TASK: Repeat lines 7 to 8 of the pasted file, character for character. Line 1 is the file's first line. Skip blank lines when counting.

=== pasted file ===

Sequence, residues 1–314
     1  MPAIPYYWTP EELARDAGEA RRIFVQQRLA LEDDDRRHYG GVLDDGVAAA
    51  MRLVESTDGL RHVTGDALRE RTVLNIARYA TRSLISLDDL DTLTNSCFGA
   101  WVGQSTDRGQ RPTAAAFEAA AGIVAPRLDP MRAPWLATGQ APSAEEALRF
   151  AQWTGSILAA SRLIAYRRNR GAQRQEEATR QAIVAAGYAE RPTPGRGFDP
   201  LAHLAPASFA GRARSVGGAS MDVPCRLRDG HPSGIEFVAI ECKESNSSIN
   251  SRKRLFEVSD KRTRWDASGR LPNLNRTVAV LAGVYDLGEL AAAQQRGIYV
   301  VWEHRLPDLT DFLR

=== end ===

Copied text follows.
   251  SRKRLFEVSD KRTRWDASGR LPNLNRTVAV LAGVYDLGEL AAAQQRGIYV
   301  VWEHRLPDLT DFLR